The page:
At 2:10 PM -0700 7/16/99, Joshua Bloch wrote:
> Of course all of these suggestions horrify me. The Java philosophy has
>always been that it's the compiler's job to do the optimizing. Programmers
>should not have to think about this stuff. It would lead to all sorts of
I am still keeping an open mind about whether we should have a strong
or weak model. But the programmer has to take some responsibility.
For example, the spec could mandate that Java provide automatic
deadlock and data race detection. It would be expensive (at least,
the data race detection), but we could do it. But the spec doesn't
Going back to the question of what code breaks: There appear to be a
handful of cases with synchronized set / unsynchronized get methods
that should be fixed. Josh mentioned the collection view of maps, but
the entire Collection library is widely advertised as not being
thread safe. There are some improper uses of the unsafe single and
double check idioms, but they could just be considered bugs.
Using static tools to detect potential data races and runtime tools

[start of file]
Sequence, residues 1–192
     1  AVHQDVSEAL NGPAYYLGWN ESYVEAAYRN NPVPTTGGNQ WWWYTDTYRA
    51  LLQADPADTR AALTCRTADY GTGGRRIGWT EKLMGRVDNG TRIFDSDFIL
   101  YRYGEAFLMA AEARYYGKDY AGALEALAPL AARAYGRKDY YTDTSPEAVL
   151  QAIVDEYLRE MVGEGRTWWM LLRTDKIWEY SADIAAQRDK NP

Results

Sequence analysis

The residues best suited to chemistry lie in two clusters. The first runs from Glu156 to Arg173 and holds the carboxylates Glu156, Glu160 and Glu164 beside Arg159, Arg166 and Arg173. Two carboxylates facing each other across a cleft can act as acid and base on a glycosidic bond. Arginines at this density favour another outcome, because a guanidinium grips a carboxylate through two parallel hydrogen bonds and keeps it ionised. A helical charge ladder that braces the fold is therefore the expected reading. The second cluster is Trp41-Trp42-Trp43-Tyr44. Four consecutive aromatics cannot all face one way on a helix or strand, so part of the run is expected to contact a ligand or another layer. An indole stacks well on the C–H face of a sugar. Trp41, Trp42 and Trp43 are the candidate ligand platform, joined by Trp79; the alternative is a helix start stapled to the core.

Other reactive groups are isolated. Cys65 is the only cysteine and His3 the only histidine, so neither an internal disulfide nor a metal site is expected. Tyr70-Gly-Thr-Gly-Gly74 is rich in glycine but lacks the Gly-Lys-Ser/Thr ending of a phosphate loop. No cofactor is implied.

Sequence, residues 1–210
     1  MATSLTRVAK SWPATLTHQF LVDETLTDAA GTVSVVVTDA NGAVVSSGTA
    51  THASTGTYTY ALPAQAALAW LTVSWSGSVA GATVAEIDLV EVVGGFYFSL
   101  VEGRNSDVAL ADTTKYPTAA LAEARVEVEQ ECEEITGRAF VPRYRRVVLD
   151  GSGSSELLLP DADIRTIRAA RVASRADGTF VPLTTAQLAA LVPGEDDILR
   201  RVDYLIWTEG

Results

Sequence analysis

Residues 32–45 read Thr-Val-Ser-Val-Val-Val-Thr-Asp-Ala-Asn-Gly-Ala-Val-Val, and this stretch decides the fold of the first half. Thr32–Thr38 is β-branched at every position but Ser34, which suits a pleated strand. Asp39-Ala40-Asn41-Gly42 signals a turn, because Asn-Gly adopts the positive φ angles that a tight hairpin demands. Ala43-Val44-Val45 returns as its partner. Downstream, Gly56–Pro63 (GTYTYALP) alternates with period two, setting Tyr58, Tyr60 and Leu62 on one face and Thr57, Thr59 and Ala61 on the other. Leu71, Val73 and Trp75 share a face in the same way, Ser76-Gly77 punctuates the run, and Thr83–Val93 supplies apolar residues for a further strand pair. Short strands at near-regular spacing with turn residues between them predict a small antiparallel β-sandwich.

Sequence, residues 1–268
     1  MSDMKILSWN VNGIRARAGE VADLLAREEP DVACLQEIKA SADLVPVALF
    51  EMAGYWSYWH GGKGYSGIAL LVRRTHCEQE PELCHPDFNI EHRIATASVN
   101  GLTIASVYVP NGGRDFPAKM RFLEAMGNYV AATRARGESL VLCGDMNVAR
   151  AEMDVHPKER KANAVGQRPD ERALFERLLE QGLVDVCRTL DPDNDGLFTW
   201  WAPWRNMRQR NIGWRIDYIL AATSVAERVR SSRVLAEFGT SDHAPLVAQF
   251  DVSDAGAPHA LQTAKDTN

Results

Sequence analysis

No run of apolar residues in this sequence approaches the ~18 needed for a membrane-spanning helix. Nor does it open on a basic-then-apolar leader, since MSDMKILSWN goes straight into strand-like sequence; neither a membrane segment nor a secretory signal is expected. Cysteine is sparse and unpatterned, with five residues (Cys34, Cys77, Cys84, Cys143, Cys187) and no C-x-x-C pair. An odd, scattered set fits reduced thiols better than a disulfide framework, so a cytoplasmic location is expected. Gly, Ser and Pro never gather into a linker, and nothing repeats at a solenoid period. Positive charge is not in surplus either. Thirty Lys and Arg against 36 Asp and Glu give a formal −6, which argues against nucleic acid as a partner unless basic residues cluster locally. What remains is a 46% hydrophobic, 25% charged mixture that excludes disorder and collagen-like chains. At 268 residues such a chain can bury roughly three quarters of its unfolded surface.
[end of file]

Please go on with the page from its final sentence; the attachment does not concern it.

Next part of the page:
that detect exhibited data races should probably be part of any major
multithreaded software project.
When it comes time for a decision to be eventually made about what to
make the Java memory model, we will need to put together the case for
why Java needs a strong memory model (as well as the case for why
Java should have a weak memory model). Although you can make the
argument on religious grounds, I would like a stronger factual basis
than that the fact that there are 3 dozen data race bugs in the JDK.
Which isn't to say that the basis isn't there. Just that it needs to
be documented better.
Part of the question is to what extent are we willing to say: "A data
race is an _error_. If you have an error, we guarantee safety, but
not much more".
For example, if you have a class that guards a protected resource,
all of your fields should be private and all of your methods
synchronized (to guard against unexpected results due to data races).
In this case, others will not be able to use a weak memory model to
attack your code. So it isn't clear that a weak memory model isn't
compatible with safety.
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